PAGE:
U.S. offers experts to help Nigeria's power crisis

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U.S. offers experts to help Nigeria's power crisis

March 22, 2000 Web posted at: 10:59 AM EST (1559 GMT)

ABUJA, Nigeria (Reuters) -- U.S. Energy Secretary Bill Richardson has offered to send U.S. energy experts to assess how to help with Nigeria's emergency plans to improve national power supplies, Nigeria's presidential spokesman said on Wednesday.

Chief Press Secretary Doyin Okupe told Reuters that Richardson made the offer in response to a request from President Olusegun Obasanjo during talks in the Nigerian capital Abuja on Tuesday.

"The president asked him what the United States could do to help provide emergency power supplies," Okupe said.

"Richardson promised that on his return home, he would send experts to assess areas in which they can assist," he added.

Okupe said Richardson met Obasanjo principally to seek Nigeria's assistance with bringing down world oil prices, which soared after OPEC's decision last year to cutback production until the end of this month.

President Bill Clinton sent Richardson to lobby OPEC members ahead of a crucial meeting of the 11-nation cartel on March 27 when the cutbacks would be reviewed.

Obasanjo last Tuesday fired the management of Nigeria's tottering electricity monopoly, NEPA, after two nationwide power outages that dramatized the country's deteriorating power supply.

The president went on national television to promise Nigerians that they could expect steady electricity supplies from the end of 2001. He appointed a nine-member management board for NEPA and took charge of a cabinet committee charged with implementing measures to achieve that goal.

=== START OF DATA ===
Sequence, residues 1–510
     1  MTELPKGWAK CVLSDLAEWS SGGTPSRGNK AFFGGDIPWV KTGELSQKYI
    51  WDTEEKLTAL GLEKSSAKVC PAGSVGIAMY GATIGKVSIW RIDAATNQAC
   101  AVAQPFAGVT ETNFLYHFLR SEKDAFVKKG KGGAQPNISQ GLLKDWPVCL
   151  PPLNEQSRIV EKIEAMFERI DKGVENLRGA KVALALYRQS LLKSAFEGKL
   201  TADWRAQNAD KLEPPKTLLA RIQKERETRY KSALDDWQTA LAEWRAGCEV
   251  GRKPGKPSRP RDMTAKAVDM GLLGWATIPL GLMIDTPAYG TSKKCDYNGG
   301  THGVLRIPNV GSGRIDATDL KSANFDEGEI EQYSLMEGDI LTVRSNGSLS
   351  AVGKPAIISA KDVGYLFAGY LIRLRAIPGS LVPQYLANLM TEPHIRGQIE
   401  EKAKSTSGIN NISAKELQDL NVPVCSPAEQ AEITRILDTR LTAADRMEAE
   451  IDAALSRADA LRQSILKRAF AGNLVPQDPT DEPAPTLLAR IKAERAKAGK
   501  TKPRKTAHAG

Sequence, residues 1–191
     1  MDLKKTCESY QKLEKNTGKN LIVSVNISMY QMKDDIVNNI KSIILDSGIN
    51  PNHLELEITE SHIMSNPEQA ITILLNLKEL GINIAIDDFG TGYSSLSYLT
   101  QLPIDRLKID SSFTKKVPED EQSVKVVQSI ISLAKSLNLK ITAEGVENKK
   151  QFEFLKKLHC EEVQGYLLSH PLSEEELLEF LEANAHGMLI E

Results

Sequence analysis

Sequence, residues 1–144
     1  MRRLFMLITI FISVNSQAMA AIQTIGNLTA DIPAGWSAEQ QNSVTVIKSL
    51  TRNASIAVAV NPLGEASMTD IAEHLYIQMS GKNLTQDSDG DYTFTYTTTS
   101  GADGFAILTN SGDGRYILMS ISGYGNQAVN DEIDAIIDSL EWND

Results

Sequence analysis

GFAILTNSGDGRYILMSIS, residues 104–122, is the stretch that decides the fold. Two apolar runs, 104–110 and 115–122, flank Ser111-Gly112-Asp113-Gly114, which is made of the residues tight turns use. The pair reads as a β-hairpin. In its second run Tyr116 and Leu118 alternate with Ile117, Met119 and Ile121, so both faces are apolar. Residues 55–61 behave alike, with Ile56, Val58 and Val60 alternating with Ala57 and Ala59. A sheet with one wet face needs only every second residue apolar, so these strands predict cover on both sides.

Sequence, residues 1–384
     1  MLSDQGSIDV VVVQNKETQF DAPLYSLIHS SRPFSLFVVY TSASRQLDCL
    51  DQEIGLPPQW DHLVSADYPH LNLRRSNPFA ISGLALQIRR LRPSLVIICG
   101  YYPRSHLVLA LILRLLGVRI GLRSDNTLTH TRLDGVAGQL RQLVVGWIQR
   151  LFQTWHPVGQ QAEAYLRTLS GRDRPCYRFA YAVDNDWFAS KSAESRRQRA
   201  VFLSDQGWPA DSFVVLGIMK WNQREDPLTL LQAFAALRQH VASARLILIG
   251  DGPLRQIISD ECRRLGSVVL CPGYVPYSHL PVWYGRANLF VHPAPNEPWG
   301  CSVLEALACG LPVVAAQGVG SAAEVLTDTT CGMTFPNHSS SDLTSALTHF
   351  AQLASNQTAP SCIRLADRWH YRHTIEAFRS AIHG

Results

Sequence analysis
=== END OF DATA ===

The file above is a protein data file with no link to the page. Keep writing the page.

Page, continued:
Although Nigeria theoretically has adequate installed capacity, officials say the country's rusty generating plants are prone to collapse after neglect during decades of corrupt military rule, which ended last May.


-- - (x@xxx.com), March 22, 2000


Good idea. Send Rick Cowles to Nigeria. One-way ticket.

-- CJS (cjs@noemail.com), March 22, 2000.

Rick Cowles worked very hard on helping the electricity industry get through the CDC as easily as it did. Therefore he would probably be a good candidate to assist Nigeria as well. BUT a two way ticket please.

-- Malcolm Taylor (taylorm@es.co.nz), March 22, 2000.

I can't imagine why anyone would "slam" Rick Cowles...except someone who hadn't a clue about electricity and the industry!! I have never heard anyone say anything bad about Rick before. Especially those who are knowlegable. Taz

-- Taz (Tassie123@aol.com), March 22, 2000.


I think that's because you obtained all your Y2k information from the TB2000 forum. Rick Cowles was the "posterboy of gloom" for the electric industry. In the past 3 years or so, I've seen several bios on Rick and NOWHERE did they state exactly WHAT his function was in the industry in which he claimed knowledge. To compound that, his bio CHANGED midstream, as I recall. I certainly wouldn't wish him a poor future, but I wouldn't consider him a qualified expert either.

-- Anita (notgiving@anymore.thingee), March 22, 2000.

Some interesting links exist between Nigeria and (local state and city) government entities here. Since Texas is an petro-dependent economy, this may explain the interaction, but it will be interesting to see how the community of interests is resolved-and how it will affect us locally.

-- another government hack (keepwatchin_2000@yahoo.com), March 22, 2000.

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